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ORIGINAL ARTICLE
Adv Biomed Res 2015,  4:52

Comparison of the findings of endothelial specular microscopy before and after corneal cross-linking


1 Department of Ophthalmology, Isfahan Eye Research Center, Isfahan University of Medical Sciences, Isfahan, Iran
2 Department of Ophthalmologist, Isfahan Eye Research Center, Isfahan University of Medical Sciences, Isfahan, Iran

Date of Submission02-Feb-2014
Date of Acceptance31-Aug-2014
Date of Web Publication17-Feb-2015

Correspondence Address:
Zahra Mohammadi
Department of Ophthalmology, Isfahan Eye Research Center, Isfahan University of Medical Sciences, Isfahan
Iran
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Source of Support: None, Conflict of Interest: None


DOI: 10.4103/2277-9175.151567

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  Abstract 

Background: To report the long-term findings of corneal cross-linking (CXL) with riboflavin drops on the corneal endothelial cell.
Materials and Methods: In this prospective non-randomized study, we aim to assess the long-term safety of CXL on the corneal endothelium for the treatment of progressive keratoconus, by endothelial specular microscopy. A total of 68 eyes of 42 keratoconus patients were selected. We checked the corneal thickness (with ultrasonic pachymetry), endothelial cell density, pleomorphism, and polymegathism (with specular microscopy) of the endothelial cells, before CXL and one year after this procedure.
Results: The mean ± SD of the preoperative and postoperative corneal thicknesses were 470 ± 40 μm and 469.8 ± 42 μm, respectively (p-value = 0.591). The mean ± SD of the preoperative and postoperative endothelial cell densities were 2753 ± 230 cells/mm [2] and 2699 ± 210 cells/mm, [2] respectively (p-value = 0.004). We found reduction in the endothelial cell density after CXL, but this reduction was less significant in a corneal thickness of less than 400 μm (which was treated with hypo-osmolar riboflavin 0.1% drops) compared to the corneal thickness of more than 450 μm. We did not find any significant differences in the cell shapes (pleomorphism) (p-value = 0.517), but the cell sizes (polymegathism) were changed after the procedure (p-value = 0.021).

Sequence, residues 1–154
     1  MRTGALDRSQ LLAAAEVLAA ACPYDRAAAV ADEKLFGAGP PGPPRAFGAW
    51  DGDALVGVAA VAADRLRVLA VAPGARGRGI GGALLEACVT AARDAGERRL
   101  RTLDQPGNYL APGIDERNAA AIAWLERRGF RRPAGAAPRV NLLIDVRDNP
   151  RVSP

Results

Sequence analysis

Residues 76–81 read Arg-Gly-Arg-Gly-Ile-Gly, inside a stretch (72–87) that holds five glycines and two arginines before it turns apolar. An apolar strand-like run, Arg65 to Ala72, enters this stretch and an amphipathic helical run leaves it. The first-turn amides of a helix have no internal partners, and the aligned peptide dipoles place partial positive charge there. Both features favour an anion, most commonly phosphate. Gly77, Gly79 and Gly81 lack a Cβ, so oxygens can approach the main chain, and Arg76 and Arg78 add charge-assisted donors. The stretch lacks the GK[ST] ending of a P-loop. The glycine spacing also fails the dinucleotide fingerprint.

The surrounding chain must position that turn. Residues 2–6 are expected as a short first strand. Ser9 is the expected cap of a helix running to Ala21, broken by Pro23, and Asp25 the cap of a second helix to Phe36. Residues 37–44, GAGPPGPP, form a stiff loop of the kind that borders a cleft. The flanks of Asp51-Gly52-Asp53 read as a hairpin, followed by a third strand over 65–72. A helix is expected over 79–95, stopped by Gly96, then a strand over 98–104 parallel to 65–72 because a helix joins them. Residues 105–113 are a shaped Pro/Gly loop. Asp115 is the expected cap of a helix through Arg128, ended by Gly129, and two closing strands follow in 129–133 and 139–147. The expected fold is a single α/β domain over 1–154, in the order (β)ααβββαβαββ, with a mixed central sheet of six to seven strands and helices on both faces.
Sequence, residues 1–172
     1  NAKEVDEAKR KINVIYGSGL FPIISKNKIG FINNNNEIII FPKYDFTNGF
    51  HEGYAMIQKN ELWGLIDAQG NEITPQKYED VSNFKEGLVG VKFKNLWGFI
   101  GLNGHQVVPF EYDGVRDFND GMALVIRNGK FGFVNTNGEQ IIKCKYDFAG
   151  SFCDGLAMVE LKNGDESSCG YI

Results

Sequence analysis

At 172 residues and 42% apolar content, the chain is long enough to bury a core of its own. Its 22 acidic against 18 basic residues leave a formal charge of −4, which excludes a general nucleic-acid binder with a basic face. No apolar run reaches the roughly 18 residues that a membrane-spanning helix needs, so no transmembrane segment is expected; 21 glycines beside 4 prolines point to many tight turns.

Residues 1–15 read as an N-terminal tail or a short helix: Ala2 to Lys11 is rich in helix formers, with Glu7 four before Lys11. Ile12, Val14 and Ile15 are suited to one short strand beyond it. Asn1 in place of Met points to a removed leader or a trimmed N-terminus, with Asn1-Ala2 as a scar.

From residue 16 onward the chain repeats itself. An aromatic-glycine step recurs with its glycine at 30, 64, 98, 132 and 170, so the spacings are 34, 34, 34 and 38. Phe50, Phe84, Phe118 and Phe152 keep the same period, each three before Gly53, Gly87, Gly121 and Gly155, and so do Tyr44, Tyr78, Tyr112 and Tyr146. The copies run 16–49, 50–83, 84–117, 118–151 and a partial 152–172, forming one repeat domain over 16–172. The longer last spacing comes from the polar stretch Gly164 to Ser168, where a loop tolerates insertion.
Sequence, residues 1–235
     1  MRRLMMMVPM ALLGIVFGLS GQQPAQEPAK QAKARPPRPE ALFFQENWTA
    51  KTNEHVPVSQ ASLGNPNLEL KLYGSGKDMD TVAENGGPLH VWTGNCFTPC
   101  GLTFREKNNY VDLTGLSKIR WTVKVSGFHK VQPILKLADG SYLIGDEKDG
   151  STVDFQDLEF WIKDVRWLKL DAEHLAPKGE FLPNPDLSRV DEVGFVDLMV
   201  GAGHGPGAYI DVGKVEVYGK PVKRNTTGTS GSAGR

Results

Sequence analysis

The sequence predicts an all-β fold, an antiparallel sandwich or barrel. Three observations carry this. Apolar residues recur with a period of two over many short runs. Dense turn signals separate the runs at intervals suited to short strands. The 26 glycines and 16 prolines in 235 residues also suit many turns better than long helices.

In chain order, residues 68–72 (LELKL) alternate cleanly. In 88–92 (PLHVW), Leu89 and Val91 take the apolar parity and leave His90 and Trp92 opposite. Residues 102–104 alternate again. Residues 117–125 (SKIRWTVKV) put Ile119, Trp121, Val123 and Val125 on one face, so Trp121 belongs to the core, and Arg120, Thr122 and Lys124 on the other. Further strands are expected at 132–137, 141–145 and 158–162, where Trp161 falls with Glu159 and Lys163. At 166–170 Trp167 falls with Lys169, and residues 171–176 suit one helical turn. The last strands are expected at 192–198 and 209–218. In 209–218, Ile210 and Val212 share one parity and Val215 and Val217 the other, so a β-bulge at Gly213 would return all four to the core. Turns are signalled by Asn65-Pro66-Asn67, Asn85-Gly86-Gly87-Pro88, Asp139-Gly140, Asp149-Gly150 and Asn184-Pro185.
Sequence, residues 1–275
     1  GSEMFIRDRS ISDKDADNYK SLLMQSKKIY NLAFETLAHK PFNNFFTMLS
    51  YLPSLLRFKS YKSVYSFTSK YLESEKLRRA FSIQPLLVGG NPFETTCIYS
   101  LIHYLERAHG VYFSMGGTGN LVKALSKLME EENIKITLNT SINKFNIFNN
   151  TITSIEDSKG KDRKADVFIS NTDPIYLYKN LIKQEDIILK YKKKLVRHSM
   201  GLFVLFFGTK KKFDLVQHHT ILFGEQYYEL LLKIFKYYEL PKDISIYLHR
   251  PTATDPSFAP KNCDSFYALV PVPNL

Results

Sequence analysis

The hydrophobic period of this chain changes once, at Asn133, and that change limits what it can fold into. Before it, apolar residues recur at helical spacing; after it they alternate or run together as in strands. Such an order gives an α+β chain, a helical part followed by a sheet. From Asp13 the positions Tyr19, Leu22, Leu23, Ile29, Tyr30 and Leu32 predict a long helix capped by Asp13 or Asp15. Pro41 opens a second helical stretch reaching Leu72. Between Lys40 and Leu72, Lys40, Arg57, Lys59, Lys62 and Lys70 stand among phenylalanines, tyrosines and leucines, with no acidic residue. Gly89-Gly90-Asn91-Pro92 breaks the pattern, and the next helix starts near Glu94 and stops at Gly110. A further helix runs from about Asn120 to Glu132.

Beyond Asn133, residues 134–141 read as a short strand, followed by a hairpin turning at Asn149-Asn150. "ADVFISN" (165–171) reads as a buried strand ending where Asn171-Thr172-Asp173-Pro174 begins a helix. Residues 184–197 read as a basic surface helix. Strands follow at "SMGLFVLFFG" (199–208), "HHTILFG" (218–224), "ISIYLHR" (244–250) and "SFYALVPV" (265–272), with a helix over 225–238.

Conclusion: We found a significant decrease in endothelial corneal cell density after CXL, but this reduction was low; also the size of these cells increased after CXL. We believe that other parameters besides the corneal thickness may be the determinant factors for the changing of cell density and cell size in corneal endothelial cells.

Keywords: Corneal cross-linking, endothelial cell density, keratoconus, specular microscopy, pleomorphism


How to cite this article:
Razmjoo H, Ghoreishi SM, Mohammadi Z, Salam H, Nasrollahi K, Peyman A. Comparison of the findings of endothelial specular microscopy before and after corneal cross-linking. Adv Biomed Res 2015;4:52

How to cite this URL:
Razmjoo H, Ghoreishi SM, Mohammadi Z, Salam H, Nasrollahi K, Peyman A. Comparison of the findings of endothelial specular microscopy before and after corneal cross-linking. Adv Biomed Res [serial online] 2015 [cited 2023 Mar 26];4:52. Available from: https://www.advbiores.net/text.asp?2015/4/1/52/151567


  Introduction Top


Keratoconus is a progressive and degenerative disorder of the cornea. [1] Its incidence in the general population is reported to be approximately one in 2000. [2] In recent times, evidence has shown that collagen cross-linking (CXL) with riboflavin drops increases the biomechanical strength and stability of the cornea. [3] In this procedure on the cornea, additional cross-links can be induced within or between the collagen fibers using ultraviolet A (UVA) light and the photo-mediator riboflavin. [4] If this procedure is performed according to the standard protocols, it would be safe. [5] Despite the high safety profile reported, there are a few reports of adverse events after CXL, like persistent corneal edema. [3]